Duke began the season 18-1, and shot up to the top spot in the top 25 polls. The Blue Devils played efficient offensively, while shooting the ball well from the field. The Blue Devils’ trademark pressure defense made opponents go into offensive dry spells.
Coach Mike Krzyzewski, who undoubtedly is one of the greatest basketball minds of all time, again worked his magic placing the Blue Devils among the nation’s elite.
But since a 85-44 rout over Maryland on Jan. 24, Duke has lost four of its last six games and doesn’t resemble a team that appear can make a Final Four run next month.
Nevertheless, with six games left in the regular season, Duke has time to regain its early season form. But the Blue Devils must go into the postseason play with better momentum than they’ve had in the past two years.
The Blue Devils went 4-6 in their last 10 games of the 2006-07 season, lost in the first round of the ACC tournament to NC State and was bounced by Virginia Commonwealth in the opening round of the NCAA tournament. Duke went 4-3 down the stretch last season, then were beaten by Clemson in the ACC tournament semifinals and lost to West Virginia in the second round of the NCAA tournament.
If the Blue Devils are going to be peaking when they step on the floor in the 2009 ACC tournament, Duke would have done it on the road. Duke’s four of their remaining six conference games are away from Cameron Indoor.
The Blue Devils have lost their last three road games, including Sunday’s 80-74 loss at Boston College. Duke fans should see their squad break out of their road woes with a matchup against St. John tonight at Madison Square Garden.
However, a loss to one of the Big East’s weaker teams would keep Duke in its tailspin. The Blue Devils are looking at tougher matchups against unranked Virginia Tech and Florida State, as well as, No. 8 Wake Forest and No. 3 North Carolina.
After losses to UNC and BC, does Coach K crew really have the personnel to be a legitimate national contender?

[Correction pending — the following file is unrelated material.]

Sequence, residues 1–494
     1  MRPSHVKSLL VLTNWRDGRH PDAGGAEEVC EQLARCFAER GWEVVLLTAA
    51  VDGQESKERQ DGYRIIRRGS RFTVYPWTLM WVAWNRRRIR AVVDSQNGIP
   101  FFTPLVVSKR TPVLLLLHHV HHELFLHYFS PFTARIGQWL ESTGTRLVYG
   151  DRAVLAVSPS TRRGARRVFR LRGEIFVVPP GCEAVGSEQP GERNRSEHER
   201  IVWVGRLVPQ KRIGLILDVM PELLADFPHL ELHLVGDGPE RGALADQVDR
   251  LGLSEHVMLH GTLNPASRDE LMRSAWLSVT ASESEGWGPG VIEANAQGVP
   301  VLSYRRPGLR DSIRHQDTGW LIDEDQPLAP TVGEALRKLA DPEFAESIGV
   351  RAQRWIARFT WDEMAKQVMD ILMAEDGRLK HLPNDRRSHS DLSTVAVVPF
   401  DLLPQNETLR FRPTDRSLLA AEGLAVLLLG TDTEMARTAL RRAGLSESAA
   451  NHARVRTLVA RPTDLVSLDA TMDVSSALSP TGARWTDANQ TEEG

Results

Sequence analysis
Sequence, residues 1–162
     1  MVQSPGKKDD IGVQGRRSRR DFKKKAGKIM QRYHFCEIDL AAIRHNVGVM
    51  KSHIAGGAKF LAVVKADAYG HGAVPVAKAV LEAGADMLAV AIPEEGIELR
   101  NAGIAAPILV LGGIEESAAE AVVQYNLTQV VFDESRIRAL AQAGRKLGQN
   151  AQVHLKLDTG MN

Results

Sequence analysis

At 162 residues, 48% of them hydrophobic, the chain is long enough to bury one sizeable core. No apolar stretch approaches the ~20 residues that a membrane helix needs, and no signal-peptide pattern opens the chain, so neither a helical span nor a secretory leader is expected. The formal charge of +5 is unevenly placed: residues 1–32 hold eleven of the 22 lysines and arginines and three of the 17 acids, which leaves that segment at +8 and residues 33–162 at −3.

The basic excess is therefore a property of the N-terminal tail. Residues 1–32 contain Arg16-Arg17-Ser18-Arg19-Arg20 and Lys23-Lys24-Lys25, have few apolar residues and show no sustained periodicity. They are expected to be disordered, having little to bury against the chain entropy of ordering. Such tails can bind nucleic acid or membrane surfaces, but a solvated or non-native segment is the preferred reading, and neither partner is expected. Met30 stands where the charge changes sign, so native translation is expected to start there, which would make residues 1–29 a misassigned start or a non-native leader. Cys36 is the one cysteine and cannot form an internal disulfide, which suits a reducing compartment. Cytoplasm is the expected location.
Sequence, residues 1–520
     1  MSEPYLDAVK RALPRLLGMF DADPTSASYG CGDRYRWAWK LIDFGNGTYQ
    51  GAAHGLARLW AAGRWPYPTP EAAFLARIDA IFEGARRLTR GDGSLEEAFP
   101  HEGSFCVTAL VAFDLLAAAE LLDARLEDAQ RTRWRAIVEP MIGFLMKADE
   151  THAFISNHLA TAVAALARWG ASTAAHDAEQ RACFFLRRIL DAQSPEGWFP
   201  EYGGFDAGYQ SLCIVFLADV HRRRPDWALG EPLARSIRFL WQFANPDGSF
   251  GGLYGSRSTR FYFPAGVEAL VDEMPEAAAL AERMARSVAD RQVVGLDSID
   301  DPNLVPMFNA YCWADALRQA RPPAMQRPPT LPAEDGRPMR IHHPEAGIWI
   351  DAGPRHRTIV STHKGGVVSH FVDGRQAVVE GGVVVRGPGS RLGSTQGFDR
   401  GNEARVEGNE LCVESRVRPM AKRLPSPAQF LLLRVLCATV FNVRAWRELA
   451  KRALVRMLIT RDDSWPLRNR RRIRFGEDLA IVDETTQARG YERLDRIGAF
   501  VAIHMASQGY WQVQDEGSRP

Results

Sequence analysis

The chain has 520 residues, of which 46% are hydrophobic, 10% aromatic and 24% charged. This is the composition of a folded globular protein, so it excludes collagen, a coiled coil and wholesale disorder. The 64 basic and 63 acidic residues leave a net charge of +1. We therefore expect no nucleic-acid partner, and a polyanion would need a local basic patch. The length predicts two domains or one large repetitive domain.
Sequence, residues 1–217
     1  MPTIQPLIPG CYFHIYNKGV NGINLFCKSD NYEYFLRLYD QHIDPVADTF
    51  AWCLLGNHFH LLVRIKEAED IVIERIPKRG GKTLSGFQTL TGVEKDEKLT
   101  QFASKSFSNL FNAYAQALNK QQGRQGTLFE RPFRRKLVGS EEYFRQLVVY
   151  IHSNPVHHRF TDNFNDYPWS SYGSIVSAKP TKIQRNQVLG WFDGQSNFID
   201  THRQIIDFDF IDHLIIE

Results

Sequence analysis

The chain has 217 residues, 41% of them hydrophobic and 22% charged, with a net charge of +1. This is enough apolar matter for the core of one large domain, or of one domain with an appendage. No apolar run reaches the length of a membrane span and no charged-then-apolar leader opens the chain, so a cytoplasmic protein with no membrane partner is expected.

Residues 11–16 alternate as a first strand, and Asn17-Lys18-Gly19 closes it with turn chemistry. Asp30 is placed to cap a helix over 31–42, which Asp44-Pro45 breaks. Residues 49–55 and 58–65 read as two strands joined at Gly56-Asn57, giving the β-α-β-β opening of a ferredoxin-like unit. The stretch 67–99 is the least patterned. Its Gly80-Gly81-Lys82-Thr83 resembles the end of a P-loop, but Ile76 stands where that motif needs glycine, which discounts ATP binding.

Duke’s roster is full of McDonald’s All-Americans, but the Blue Devils have the same glaring problems they’ve faced over the past couple years.
Duke appears to struggle against athletic or bigger teams, which was the case in trying to guard North Carolina’s Ty Lawson. The lighting-quick point guard had his way with Duke’s backcourt by continuously beating the Blue Devils’ defenders with dribble penetration, and scored 21 of his game-high 25 points in the second half to help UNC rally to win.
The Tigers’ frontcourt led by Trevor Booker’s 21 points helped Clemson out-muscle the Blue Devils’ smallish frontline, and the 74-47 loss was the Blue Devils’ worst defeat in 18 years.
Duke still hasn’t found a point guard in the mode of former stars Bobby Hurley, William Avery or Jason Williams. Starter Greg Paulus is adequate, but hasn’t stepped up lately. He scored eight points and only had three assists against the Heels and only two points and two assists against the Eagles.
Duke needs more production out of Paulus and backup Nolan Smith to help forwards Kyle Singler, Gerald Henderson Jr. and Lance Thomas. The Blue Devils must continue to rely on their guards and forwards to come up big offensively because they getting little or no offensive production from the center position.
Brian Zoubek, who is listed at 7-foot-1, is the only true presence in the middle. However, Zoubek is a limited scorer and rebounder.
With Singler, Henderson and Thomas all listed at 6-foot-8, Duke gives up size in the interior and rebounding against beefier teams.
With a lack of an inside game, the Blue Devils morph into a one-dimensional jump-shooting team and become too dependent on the 3-point shot. Duke went 3-for-13 from the 3-point arc in the Clemson game, 8-for-24 against UNC and 3-for-16 versus BC.
The over-reliance of shooting beyond the arc was evident in those losses. When you live by the 3, you also die by the 3. If Duke can’t a find some solutions to its problems, another quick exit from tournament action appears to be on the horizon.
n Contact sports reporter Corey Davis at 997-3111, ext. 44; e-mail email@example.com